Christian M. Mackeprang

Web development and computer programming

Being a versatile hacker is becoming more important than knowing frameworks

Back around 2013, the term Full Stack developer started to come up in job descriptions and blog posts. Companies were realizing that hiring developers with expertise in only one language just wasn’t enough anymore. A web developer that can handle a variety of tasks and environments is considerably more useful, and was starting to become the norm.

In spite of this, knowledge about web architecture itself did not become widespread. Many developers have been building websites without having a good grasp of how things work behind the scenes. Web forms, caching, the HTTP protocol, Apache. All of these were secondary good-to-haves.

How e-learning affects the job market

Perhaps as a consequence of the online learning boom that had started a few years earlier, the self-taught web developer knows surprisingly little about the web’s underlying technology. Language-oriented courses cannot cover the complete web stack, and students will end up clueless about what an htaccess file does, or how to restart a Unix daemon, or how the different types of POST encoding work.

What is a full stack developer supposed to know, anyway? Job descriptions frequently mention combinations of frontend and backend technologies such as JavaScript and Node, PHP and jQuery, Angular and Spring, and many others. In reality there is a significant amount of information outside those realms that would improve someone’s ability to build a website, and gone are the days when you could stick with what you know and make a career out of a single technology.

The future of web developmentIf sticking to your guns won’t suffice anymore, then what can we do, and how can we keep up with the exponential multiplication of web libraries? There is so much software being released today, that the number of possible combinations between technologies is increasing very rapidly. This combinatorial explosion will drive software development into a more ad-hoc territory. Your chances of knowing how to integrate two random libraries X and Y are ever diminishing, and any help that googling can provide is diminishing at the same rate. The window is about to close, and a time will soon come when we’ll be required to figure these tough problems out on the spot, every time. Not something for the lazy ones among us.

Hackers: the antifragile programmers

I was introduced to this very interesting concept in an article by programming rockstar John Carmack. It’s described in the following quote from the Antifragile book:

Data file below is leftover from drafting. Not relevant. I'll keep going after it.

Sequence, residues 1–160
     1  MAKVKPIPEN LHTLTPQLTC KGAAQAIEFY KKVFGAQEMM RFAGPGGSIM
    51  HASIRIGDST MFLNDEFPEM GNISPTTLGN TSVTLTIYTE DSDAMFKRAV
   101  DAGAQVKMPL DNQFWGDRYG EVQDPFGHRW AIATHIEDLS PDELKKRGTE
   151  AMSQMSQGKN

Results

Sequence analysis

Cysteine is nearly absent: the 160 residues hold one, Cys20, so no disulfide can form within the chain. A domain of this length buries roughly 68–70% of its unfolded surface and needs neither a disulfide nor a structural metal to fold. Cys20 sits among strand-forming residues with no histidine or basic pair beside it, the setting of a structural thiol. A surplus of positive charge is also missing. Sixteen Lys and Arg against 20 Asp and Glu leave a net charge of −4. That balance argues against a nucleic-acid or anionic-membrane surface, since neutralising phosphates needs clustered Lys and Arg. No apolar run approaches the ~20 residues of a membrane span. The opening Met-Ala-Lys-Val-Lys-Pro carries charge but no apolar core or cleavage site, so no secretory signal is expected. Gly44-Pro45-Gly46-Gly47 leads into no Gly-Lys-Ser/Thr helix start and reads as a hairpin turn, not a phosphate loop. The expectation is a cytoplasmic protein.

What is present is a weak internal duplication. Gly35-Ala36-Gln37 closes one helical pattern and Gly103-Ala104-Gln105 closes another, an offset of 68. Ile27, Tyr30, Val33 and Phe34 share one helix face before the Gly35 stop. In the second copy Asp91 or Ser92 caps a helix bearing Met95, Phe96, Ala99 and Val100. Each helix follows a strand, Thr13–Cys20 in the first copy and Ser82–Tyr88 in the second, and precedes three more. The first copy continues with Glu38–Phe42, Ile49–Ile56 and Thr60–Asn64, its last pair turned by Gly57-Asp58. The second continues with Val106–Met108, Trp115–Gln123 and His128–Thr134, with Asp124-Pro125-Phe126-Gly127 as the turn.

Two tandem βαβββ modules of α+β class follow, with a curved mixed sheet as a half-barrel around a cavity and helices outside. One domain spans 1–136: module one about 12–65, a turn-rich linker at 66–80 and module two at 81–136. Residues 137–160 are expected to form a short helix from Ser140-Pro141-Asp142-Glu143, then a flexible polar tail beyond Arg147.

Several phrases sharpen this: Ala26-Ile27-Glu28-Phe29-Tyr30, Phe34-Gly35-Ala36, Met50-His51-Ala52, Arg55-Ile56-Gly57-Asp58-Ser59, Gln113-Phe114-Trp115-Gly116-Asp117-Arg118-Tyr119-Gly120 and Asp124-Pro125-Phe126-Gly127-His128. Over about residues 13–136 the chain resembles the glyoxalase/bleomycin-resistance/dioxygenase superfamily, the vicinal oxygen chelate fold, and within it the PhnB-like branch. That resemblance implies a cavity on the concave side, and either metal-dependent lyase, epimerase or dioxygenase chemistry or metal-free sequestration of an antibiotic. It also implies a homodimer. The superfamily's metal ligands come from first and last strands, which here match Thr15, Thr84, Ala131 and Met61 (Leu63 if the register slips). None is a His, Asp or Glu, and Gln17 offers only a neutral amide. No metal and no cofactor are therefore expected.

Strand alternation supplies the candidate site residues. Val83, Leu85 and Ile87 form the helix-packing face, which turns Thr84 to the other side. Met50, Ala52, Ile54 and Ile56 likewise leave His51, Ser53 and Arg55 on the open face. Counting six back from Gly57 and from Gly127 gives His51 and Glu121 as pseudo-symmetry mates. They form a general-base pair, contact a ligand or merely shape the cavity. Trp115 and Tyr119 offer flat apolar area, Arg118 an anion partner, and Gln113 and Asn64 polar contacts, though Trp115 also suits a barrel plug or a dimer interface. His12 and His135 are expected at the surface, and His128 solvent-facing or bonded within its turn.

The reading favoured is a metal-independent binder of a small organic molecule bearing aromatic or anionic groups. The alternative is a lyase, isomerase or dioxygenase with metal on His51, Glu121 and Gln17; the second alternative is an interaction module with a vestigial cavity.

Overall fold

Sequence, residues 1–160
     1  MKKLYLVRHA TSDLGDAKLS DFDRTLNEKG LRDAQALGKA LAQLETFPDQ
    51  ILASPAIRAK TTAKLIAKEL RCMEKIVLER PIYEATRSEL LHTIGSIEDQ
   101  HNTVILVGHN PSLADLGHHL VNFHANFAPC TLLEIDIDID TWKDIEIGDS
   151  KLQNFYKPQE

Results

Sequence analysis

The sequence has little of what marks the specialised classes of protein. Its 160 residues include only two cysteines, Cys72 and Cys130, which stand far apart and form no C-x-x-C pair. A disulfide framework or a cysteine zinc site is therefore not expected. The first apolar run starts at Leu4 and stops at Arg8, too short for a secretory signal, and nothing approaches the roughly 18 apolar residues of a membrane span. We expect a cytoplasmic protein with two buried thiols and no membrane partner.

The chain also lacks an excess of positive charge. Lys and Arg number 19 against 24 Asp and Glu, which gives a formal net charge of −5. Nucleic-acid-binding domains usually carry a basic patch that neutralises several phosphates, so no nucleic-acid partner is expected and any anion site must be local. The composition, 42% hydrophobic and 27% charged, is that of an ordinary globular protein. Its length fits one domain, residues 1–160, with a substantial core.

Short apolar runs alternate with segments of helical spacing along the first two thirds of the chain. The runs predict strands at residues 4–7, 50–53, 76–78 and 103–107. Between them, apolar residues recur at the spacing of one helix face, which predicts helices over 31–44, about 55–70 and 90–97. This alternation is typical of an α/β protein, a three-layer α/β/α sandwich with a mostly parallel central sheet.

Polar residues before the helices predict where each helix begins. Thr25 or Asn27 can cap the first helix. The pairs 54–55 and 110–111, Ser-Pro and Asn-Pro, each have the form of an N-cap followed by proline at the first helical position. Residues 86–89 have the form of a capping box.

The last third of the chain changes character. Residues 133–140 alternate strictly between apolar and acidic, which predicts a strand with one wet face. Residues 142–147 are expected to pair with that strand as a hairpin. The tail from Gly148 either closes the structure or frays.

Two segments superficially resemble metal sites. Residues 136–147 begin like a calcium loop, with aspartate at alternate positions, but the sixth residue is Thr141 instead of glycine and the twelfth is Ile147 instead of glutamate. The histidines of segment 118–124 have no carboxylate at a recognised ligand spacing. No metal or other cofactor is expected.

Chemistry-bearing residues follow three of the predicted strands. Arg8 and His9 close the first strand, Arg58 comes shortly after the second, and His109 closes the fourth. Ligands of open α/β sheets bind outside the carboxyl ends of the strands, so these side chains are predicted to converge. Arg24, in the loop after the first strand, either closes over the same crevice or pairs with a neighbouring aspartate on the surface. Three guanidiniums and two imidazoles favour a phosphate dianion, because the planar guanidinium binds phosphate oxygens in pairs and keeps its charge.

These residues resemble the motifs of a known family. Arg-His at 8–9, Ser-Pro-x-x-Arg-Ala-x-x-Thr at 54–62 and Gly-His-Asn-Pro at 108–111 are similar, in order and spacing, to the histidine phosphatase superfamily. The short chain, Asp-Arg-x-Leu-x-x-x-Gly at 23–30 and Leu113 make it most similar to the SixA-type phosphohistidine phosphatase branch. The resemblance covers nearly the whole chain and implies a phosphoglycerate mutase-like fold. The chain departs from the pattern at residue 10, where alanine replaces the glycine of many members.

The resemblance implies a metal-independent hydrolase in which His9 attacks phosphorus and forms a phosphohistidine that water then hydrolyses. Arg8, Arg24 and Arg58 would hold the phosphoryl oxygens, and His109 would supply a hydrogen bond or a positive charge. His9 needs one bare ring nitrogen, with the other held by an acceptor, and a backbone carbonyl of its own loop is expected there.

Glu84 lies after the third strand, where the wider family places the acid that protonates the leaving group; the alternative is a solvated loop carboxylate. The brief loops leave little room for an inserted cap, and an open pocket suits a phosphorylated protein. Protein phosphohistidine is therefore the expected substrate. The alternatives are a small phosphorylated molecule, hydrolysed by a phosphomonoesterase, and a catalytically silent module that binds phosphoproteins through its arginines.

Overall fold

“Just as human bones get stronger when subjected to stress and tension, and rumors or riots intensify when someone tries to repress them, many things in life benefit from stress, disorder, volatility, and turmoil. What Taleb has identified and calls “antifragile” is that category of things that not only gain from chaos but need it in order to survive and flourish.”

This idea reflects the attitude shared by those that used to be called hackers. Today the word has a negative connotation, but in the early days, it referred to a person with a certain attitude towards technology. As defined by the jargon file, a hacker is: A person who enjoys exploring the details of programmable systems and how to stretch their capabilities, as opposed to most users, who prefer to learn only the minimum necessary.”

Antifragile - Things that gain from disorderThere was a time when looking things up on Stack Overflow whenever you had a problem just wasn’t an option, and many pieces of software had unreadable documentation, if they had any at all. I remember trying to fix a sound card issue as a kid, and reading the card’s manual, only to find assembly code listings there, with interrupt codes and all. That is the environment where hackers thrived, and that’s what we are going back to, sooner or later. If your first instinct when dealing with a complex issue that affects multiple technologies is to start with a Google search, you should reconsider your working habits.

Granted, being too curious can many times lead you down the wrong path, especially in the corporate environment where time is always short. As an example, it can be very enlightening to write test code for the basic use cases when learning about a new library, but coders looking to impress the boss will take the more pragmatic approach of copying the examples from the documentation, fully unaware of how they work. Giving value as a developer requires a certain amount of skill in time management and in setting expectations, as to allow you to seek the knowledge you need and to save the company money in the long term.